15th October 2008
“There is a view that maybe it [energy efficiency] needs to be legislated, and we [Eskom] are in discussions with the Department of Minerals and Energy about that,” said Eskom demand-side management (DSM) manager Monkwe Mpye.
It was becoming apparent that, if energy efficiency were not made mandatory, South African consumers would not take-up the initiative, despite the steadily increasing electricity prices.
Eskom currently has three-year demand-side management plans for the residential sector, the commercial sector, and the industrial sector. The three major programmes focuss on lighting, solar water heating, and inefficient motor replacement.
ENERGY EFFICIENT LIGHTING
One of the key programmes across all of these sectors was the compact fluorescent lightbulb (CFL) programme, which was viewed as a success to date, Mpye said.
In the 2004/5 financial year, Eskom subsidised the exchange of about five-million incandescent lightbulbs with CFLs across South Africa. In 2006, about 5,3-million CFLs were distributed in Cape Town and another 2,5-million nationwide, and in 2007, about 4,5-million CFLs were rolled out.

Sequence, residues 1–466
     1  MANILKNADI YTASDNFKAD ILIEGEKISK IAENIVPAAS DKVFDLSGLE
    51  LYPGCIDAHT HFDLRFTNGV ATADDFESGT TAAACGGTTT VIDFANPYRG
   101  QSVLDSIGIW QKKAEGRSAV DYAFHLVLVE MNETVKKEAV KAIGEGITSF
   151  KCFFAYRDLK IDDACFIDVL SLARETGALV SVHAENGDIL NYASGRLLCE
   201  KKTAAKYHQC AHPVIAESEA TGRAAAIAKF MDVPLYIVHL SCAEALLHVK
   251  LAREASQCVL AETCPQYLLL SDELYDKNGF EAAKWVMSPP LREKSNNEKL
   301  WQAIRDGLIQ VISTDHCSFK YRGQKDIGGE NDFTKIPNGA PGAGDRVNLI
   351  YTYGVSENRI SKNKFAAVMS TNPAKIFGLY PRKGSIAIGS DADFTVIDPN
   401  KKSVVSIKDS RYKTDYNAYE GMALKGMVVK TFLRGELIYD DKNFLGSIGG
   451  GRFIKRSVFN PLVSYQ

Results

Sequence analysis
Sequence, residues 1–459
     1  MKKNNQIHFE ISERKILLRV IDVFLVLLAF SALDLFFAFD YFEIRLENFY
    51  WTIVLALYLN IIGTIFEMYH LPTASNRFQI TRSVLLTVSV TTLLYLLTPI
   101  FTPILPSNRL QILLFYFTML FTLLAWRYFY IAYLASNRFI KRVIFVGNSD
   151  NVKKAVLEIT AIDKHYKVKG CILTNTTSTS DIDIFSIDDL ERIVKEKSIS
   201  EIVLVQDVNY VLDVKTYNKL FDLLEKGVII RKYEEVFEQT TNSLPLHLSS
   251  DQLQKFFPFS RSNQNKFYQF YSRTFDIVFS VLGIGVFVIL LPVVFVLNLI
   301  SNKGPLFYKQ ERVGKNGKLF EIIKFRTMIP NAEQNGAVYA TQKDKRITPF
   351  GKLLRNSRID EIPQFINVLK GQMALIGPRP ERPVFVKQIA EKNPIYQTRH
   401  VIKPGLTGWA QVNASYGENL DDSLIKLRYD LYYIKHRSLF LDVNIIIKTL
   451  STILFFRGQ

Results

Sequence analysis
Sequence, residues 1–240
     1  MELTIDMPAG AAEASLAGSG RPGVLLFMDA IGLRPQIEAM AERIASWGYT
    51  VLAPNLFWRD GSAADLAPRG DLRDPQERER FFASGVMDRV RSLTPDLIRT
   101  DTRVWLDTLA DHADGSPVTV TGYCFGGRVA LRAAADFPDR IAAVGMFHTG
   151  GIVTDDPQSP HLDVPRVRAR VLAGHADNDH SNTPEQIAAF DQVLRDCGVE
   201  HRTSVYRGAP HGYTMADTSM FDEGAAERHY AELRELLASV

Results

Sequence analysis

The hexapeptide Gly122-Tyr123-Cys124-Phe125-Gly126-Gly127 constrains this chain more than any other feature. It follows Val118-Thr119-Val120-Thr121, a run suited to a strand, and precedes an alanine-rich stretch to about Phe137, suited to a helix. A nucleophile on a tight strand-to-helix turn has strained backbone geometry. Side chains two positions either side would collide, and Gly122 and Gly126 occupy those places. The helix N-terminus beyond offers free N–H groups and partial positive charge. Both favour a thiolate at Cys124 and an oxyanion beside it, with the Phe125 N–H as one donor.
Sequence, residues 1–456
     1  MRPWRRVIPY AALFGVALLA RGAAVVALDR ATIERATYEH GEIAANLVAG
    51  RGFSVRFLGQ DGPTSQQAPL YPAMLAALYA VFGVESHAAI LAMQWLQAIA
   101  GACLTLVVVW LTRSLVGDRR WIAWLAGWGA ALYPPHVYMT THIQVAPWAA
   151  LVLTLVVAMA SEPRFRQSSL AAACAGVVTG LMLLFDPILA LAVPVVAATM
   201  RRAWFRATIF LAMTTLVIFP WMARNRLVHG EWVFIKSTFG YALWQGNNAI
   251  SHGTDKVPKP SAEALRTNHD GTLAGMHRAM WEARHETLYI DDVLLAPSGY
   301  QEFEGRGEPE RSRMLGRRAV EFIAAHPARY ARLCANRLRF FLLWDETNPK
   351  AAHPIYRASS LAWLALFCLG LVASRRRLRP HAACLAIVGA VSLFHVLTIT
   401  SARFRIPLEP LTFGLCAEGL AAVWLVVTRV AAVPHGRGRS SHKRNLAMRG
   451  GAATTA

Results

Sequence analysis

In the 2008/9 financial year, about 16,8-million subsidised CFL exchanges would take place. During this period, a number of retailers had come on board, and large corporate companies also participated through the corporate programme.
In the 2009/10 year, Eskom planned to distribute another 8,15-million CFLs.
Mpye said that some 15 755 temporary jobs had been created in the last three months through the CFL initiative.
SOLAR WATER HEATERS
Another programme under Eskom’s DSM division was the solar water heater (SWH) programme. Mpye explained that the initial objective was to replace some 900 000 geysers over five years, which would result in savings of 578 MW.
However, only 266 SWHs had been installed in Gauteng, and a mere 86 in KwaZulu-Natal. This was an “appalling” figure, admitted Mpye, particularly since records from insurance companies showed that about 30 000 geysers were replaced in South Africa a month.
Through the SWH programme, there were now 20 accredited South African Bureau of Standards tested suppliers of the devices, and 14 registered distributors.
One of the major reasons for the slow uptake was that the cost was still high compared with the price of a standard electric geyser, and the Eskom subsidy was not felt to be sufficient incentive to install a solar geyser.
ELECTRIC MOTOR REPLACEMENT PROGRAMME
Targeted at industry, the electric motor replacement programme has the potential to save up to 60% of energy that is wasted by running motors that are too large for a company’s requirements.
The programme was launched in November 2007, and about 200 motors had been replaced. The intention was to replace about 5 100 inefficient motors.
“The start-up has been slow, but the programme is gaining momentum,” said Mpye.
Edited by: Liezel Hill